JUNE 1956 ...MID­DLE AMER­ICA GETS NERVOUS

JUNE 16

Mojo (UK) - - What Goes On! - Fred Del­lar

That Fe­bru­ary, Elvis Pres­ley’s break­through Heart­break Ho­tel had set Amer­ica’s broad­cast­ing net­works twitch­ing. “The con­tro­versy over the ef­fect of rock and roll mu­sic on the morals of mi­nors have prompted… a par­tic­u­larly cau­tious cen­sor­ship ear open for ma­te­rial that might lead young­sters astray,” tut­ted Bill­board. In the line of fire in the sec­ond week of June ‘56 was Trans­fu­sion by Nervous Norvus, a Num­ber 15 hit on the Dot la­bel which had fallen into im­me­di­ate dis­favour at NBC, ABC and CBS. These ma­jor net­works ei­ther bannedthe record com­pletely or rel­e­gated it to strict time-spots. Nervous Norvus was in re­al­ity Jimmy Drake, a Mem­phis-born song­writer, chronic asth­matic and some­times truck driver. Trans­fu­sion, a nov­elty hit con­cern­ing a care­less mo­torist who gets his ichor topped up fol­low­ing an ar­ray of ac­ci­dents, roused the cen­sors to ac­tion due to its car-crash sound ef­fects and vo­cal in­ter­jec­tions in­clud­ing “Slip the blood to me, Bud”, “Pour the crim­son in me, Jim­son”, and “Pass the claret to me, Bar­rett.” “There’s noth­ing funny about a blood trans­fu­sion,” thun­dered NBC’s cen­sor­ship caliph, one Stock­ton Hel­frich. The me­dia furore caused such a de­mand for Drake’s de­mented de­liv­ery that the record was cat­a­pulted into the US Top 20. Not that pop or rock were the only sounds that alarmed Amer­i­can ra­dio and TV at that time. A sur­vey of broad­cast­ers re­vealed such Cole Porter stan­dards as Love For Sale and Let’s Do It had long been con­sid­ered too risqué for fam­ily au­di­ence ears – in­deed, Broad­way mu­si­cals had long been seen as sup­pli­ers of songs cel­e­brat­ing sex, which is why I Cain’t Say No from Ok­la­homa was banned at NBC, the So­lil­o­quy from Carousel was nixed at CBS, and There Is Noth­ing Like A Dame from South Pa­cific was de­clared ver­boten at ABC. So much for mere words. Oth­ers were con­cerned about ex­ces­sive body move­ment. Elvis, in­evitably, was blasted for an ap­pear­ance on Mil­ton Berle’s NBC-TV Show, with The Jour­nal-Amer­i­can com­ment­ing: “Elvis Pres­ley wig­gled and wrig­gled with such ab­dom­i­nal gy­ra­tions that bur­lesque bomb­shell Ge­or­gia Soth­ern re­ally de­serves equal time to re­ply in gy­rat­ing kind … He can’t sing a lick, makes up for vo­cal short­com­ings with the weird­est and plainly planned, sug­ges­tive an­i­ma­tion short of an abo­rig­ine’s mat­ing dance.” Else­where, DJ Jerry Mar­shall, who ran the pop­u­lar Make-Be­lieve Ball­room show on sta­tion WNEW, in­formed his au­di­ence that “Elvis will have to drop the hoochy coochy gy­ra­tions or end up as Pelvis Pres­ley in cir­cus sideshows and bur­lesque.” But the wilder side of rock was ex­plod­ing. An open let­ter to DJs, deal­ers and dis­trib­u­tors ap­peared in the month’s trade mag­a­zines,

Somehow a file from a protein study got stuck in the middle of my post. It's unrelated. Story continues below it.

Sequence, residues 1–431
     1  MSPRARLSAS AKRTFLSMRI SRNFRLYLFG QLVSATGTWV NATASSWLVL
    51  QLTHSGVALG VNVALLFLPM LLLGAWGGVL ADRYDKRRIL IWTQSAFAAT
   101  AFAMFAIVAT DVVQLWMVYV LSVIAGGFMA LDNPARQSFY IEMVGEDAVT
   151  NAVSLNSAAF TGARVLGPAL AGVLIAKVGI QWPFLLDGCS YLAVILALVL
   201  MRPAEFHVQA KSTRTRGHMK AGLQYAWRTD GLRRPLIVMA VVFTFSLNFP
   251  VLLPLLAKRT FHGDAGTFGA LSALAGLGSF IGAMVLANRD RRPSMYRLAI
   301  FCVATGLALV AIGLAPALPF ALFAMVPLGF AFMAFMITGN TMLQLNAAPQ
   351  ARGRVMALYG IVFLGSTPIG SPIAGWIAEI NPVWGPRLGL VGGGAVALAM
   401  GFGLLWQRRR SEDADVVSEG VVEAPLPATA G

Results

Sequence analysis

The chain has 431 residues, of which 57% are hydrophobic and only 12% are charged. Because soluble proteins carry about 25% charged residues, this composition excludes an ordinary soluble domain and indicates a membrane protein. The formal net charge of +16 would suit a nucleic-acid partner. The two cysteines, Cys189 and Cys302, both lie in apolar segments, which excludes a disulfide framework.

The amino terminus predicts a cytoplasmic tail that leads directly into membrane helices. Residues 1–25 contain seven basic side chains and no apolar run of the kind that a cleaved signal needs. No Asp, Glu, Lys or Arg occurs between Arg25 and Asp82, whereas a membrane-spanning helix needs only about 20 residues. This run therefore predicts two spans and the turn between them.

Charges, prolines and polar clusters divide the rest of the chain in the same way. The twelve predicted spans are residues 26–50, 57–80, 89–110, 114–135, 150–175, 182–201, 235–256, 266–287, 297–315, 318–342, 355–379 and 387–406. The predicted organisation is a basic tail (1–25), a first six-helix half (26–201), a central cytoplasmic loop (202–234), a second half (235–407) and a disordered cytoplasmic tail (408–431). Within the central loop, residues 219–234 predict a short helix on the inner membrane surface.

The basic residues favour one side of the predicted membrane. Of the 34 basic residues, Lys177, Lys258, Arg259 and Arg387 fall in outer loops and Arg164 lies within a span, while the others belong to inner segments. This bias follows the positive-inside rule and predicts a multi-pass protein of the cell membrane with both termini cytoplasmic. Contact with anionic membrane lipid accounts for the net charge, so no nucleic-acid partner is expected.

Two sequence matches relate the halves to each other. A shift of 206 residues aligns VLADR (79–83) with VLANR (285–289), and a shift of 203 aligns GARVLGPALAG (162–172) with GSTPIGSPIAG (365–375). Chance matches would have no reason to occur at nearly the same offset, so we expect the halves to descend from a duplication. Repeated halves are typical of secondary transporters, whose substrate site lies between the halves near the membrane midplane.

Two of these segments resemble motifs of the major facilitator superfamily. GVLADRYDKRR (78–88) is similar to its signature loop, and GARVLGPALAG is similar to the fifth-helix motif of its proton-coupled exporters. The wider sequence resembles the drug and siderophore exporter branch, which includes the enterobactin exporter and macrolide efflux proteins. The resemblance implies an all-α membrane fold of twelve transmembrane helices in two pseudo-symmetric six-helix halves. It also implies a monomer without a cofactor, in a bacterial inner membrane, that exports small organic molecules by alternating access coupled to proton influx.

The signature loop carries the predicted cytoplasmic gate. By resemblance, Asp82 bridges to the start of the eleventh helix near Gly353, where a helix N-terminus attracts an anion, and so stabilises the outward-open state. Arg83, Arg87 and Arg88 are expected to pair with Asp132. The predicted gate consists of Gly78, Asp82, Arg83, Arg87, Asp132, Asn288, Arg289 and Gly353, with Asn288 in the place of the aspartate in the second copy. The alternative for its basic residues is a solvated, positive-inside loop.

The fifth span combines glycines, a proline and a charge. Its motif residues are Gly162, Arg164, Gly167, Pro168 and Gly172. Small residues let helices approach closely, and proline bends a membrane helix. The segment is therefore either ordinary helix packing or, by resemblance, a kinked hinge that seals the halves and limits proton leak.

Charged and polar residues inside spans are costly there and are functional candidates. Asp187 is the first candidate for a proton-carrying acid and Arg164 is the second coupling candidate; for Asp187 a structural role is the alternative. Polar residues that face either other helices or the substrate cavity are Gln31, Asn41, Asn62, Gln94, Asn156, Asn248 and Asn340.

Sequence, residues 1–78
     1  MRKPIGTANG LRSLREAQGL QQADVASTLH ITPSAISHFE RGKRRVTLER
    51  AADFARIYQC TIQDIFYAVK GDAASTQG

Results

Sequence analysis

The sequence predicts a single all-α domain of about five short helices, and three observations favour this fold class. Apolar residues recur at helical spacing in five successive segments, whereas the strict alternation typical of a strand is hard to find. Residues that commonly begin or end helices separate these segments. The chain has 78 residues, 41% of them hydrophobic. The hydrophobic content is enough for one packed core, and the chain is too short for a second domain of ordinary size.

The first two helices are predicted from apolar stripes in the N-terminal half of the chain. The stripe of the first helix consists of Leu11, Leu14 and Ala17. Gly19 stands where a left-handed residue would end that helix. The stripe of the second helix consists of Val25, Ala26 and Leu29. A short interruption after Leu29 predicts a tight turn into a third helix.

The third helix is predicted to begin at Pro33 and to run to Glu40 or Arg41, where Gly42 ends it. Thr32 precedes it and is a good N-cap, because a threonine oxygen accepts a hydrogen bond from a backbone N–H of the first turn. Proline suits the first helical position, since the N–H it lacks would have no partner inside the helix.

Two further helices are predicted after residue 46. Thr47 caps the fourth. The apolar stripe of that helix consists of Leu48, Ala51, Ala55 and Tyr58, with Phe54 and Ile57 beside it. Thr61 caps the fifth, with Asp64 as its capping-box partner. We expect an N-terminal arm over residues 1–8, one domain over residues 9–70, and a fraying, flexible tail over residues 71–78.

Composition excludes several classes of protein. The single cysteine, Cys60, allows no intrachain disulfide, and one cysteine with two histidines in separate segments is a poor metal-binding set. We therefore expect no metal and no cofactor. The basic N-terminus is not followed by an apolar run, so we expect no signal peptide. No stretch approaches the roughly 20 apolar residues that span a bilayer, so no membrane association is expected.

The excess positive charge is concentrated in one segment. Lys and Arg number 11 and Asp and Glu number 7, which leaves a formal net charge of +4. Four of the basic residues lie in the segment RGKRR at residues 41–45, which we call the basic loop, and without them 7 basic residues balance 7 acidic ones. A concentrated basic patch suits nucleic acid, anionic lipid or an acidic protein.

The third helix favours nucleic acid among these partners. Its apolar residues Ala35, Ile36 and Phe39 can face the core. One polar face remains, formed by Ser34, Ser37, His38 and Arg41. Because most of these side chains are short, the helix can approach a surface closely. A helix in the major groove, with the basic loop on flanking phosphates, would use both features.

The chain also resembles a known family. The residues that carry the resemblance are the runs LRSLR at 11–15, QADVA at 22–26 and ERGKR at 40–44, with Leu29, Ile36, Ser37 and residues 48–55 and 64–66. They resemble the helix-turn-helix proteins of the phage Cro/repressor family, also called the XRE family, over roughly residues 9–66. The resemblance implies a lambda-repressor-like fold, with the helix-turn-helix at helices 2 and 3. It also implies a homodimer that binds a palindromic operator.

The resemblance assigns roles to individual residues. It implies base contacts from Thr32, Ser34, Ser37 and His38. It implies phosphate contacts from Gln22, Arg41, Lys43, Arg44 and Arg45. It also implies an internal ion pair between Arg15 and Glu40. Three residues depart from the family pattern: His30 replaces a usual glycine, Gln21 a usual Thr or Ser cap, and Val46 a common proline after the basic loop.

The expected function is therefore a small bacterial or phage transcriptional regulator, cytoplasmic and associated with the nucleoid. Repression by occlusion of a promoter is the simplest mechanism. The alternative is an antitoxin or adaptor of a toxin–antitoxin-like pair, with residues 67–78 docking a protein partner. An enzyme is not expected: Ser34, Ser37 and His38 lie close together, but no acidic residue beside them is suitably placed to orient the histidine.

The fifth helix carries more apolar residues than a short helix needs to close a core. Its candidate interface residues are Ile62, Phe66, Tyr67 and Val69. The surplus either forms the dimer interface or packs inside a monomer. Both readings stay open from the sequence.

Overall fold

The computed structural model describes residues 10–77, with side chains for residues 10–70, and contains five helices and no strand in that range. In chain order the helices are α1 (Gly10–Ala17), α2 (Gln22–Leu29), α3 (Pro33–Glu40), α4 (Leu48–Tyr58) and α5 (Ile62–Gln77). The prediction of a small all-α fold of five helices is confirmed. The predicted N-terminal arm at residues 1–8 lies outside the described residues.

“THERE’S NOTH­ING FUNNY ABOUT A BLOOD TRANS­FU­SION.”

Stock­ton Hel­frich, NBC

com­menc­ing: ”You’ll know what it feels like to be a poor Ne­gro boy in Ma­con, Ge­or­gia, dream­ing dreams that couldn’t pos­si­bly come true – and yet it did… I in­vested two dol­lars in a test record­ing and sent it to a record com­pany in Hol­ly­wood. The next thing I knew I was record­ing for that com­pany.” The let­ter was re­ally no more than a per­son­alised ad­vert for the ul­tra-fran­tic Lit­tle Richard, who, hav­ing al­ready scored with Tutti-Frutti and Long Tall Sally, was prov­ing a fount of ec­stasy, with his lat­est sin­gle re­lease, Rip It Up/ Ready Teddy, sell­ing a re­mark­able 342,000 copies in its first 10 days of re­lease. The record was, how­ever, the cause of na­tion­wide dis­ap­proval, fol­low­ing a Baltimore ap­pear­ance by Richard dur­ing which con­cert-go­ers had at­tempted to jump from the bal­cony, while some fe­male fans had ripped off their un­der­wear and thrown it onto the stage. Ear­lier, on June 3, the au­thor­i­ties at Santa Cruz, Cal­i­for­nia had slapped a to­tal ban on all things rock’n’roll at pub­lic events fol­low­ing a dance fea­tur­ing Chuck Hig­gins, who had an area hit with Pachuko Hop. It was re­ported that the teenagers at the venue, were “en­gaged in sug­ges­tive, stim­u­lat­ing and tan­ta­lis­ing mo­tions in­duced by the provoca­tive rhythms.” Mean­while, Elvis was still fight­ing off those who found his Mil­ton Berle Show per­for­mance ob­scene, declar­ing that his per­for­mance was no more raunch­some than that of TV co-star De­bra Paget. “She wore a tight thing with feathers on the be­hind where they wig­gle the most and who bumped and pooshed out all over the place,” he claimed. Paget would duly be cast as the lead­ing lady in Elvis’s first film, Love Me Ten­der. Not ev­ery­one dis­ap­proved of the new mu­sic and its rhyth­mic pos­si­bil­i­ties, though: this month none other than Benny Good­man, the King of Swing, de­clared of rock’n’roll, “I guess it’s OK. At least it has a beat.”

Get­ting kicks in rude ’56: (main) Elvis and friends on Mil­ton Berle’s show, June 5, 1956; (top) Nervous Norvus’s wax; (right) Elvis and Miltie; (bot­tom) De­bra Paget.

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